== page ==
Monday 17 June 2013

The Sidmouth Quilt revisited

The Sidmouth quilt is one of those featured in the current exhibition at the Quilt Museum, York - 'The Blossoming of Patchwork', on until August 31st.  I think the first time I saw a photo of it was while browsing the collections online.  The quilt looked like another early nineteenth century medalion quilts that would be interesting to make, with scope for using lots of reproduction fabrics.  While the design appears mainly symmetrical, it has all kinds of quirks in the way the simple blocks are arranged, which make it very appealing. It also looked like it had the potential for a remake in more contemporary fabrics. So it was 'on my list'.

When I heard that the Museum shop had just launched a reprint of the centre panel, the problem of what to use for the centre was solved.  Rather conveniently, they edited the scan from a duplicate the orignal panel to make the central motif circular rather than oval, which made the maths easier to work out for the borders.  The unquilted version of the centre panel in the Museum's collection is still bright and fresh, with the greens (then made by overprinting yellow with blue) unfaded.  It sets the colourscheme for the rest of the quilt - include lots of bright reproduction prints.  When I saw the quilt in the current exhibition, the colours in the fabric prints seemed even more vivid than I'd imagined from looking at the online photo.  For example, the pieces that I thought were madder dyed blood reds turned out to be bright Turkey red prints, so I had to rethink my fabrics a little.

There's an excellent article about how the repro panel was produced in the summer issue of 'The Quilter' (the magazine of the Quilters' Guild of the British Isles) and there's also a 'chintz challenge' on the Quilt Museum's Facebook page.  It will be interesting to see what people make with it.

Finding an orange print stripe for the cornerstones in the centre wasn't easy.  After looking online and at every trader at Festival of Quilts, I still hadn't found the right colour of stripe.  There were plenty of similar stripes in red, brown or blue, but not in orange or rust.  If you click the first link in this post, you can see the image of the original quilt on the Museum's website and I think you'll agree that it needs that touch of orange in the cornerstones to help frame the centre. I asked several quilters online if they could send me in the right direction for something similar (the online quilting networks are great sources of information) and Kathie at Inspired by Antique Quilts came up with just the right thing.  You can see it in the photos below.  She wrote that it was an early fabric line from Baum, who eventually became Windhams (very well known for their repro fabrics).  I don't know how early is early, but I'm guessing 1980s?  Kathie had a small piece which was just enough, so I have been able to get started.  Thanks VERY MUCH!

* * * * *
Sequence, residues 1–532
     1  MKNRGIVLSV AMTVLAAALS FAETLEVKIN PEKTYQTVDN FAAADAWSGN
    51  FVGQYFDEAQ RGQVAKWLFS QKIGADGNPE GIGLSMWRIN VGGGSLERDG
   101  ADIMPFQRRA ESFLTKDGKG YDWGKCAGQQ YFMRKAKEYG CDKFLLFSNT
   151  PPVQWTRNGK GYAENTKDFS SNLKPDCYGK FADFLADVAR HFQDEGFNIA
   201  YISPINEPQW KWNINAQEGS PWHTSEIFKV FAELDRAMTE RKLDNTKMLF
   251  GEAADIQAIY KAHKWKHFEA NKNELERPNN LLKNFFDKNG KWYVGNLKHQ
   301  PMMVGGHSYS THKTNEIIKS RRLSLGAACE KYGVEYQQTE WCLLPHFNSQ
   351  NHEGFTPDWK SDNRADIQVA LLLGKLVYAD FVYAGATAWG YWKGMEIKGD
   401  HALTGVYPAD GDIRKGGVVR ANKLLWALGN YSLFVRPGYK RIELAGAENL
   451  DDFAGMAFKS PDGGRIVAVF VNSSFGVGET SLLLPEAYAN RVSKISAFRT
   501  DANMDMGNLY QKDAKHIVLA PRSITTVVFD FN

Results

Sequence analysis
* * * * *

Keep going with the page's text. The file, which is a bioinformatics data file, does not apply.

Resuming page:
The original has lots of tiny prints on white backgrounds, which 'read' as pink or beige, so I've added plenty of these, plus some vivid yellows and 'poison' greens. I haven't always been able to find something that is correct both in colour and pattern, so I've tended to go for something that works in a similar way, prioritising colour over pattern. For this version, I've included some of the very scrappy piecing that's in the original, like the irregular four patch cornerstones above.  I would like to try making a black and white contemporary version, using a cushion panel for the centre print, but if I do, I'll make units like the four patch blocks more regular.  I want to quilt my first version with a similar design to the original and made notes when I was at the musem, but of course the prints make the elaborate quilting very hard to see from the patchwork side - I haven't seen the back.  The quilting motifs are very similar to Welsh quilting designs, and include beech leaves and tulips.


antique quilter said...

I love this quilt and oh that center panel is just beautiful
I really look forward to following your progress on this quilt.....

Susan Briscoe said...

Thanks very much! It is something I can get on with as time permits at the moment, working up each border in turn. I'm really enjoying figuring out the fabrics. Hopefully I'll be able to take it to the Quilt Museum and see how it looks against the original - that will be interesting!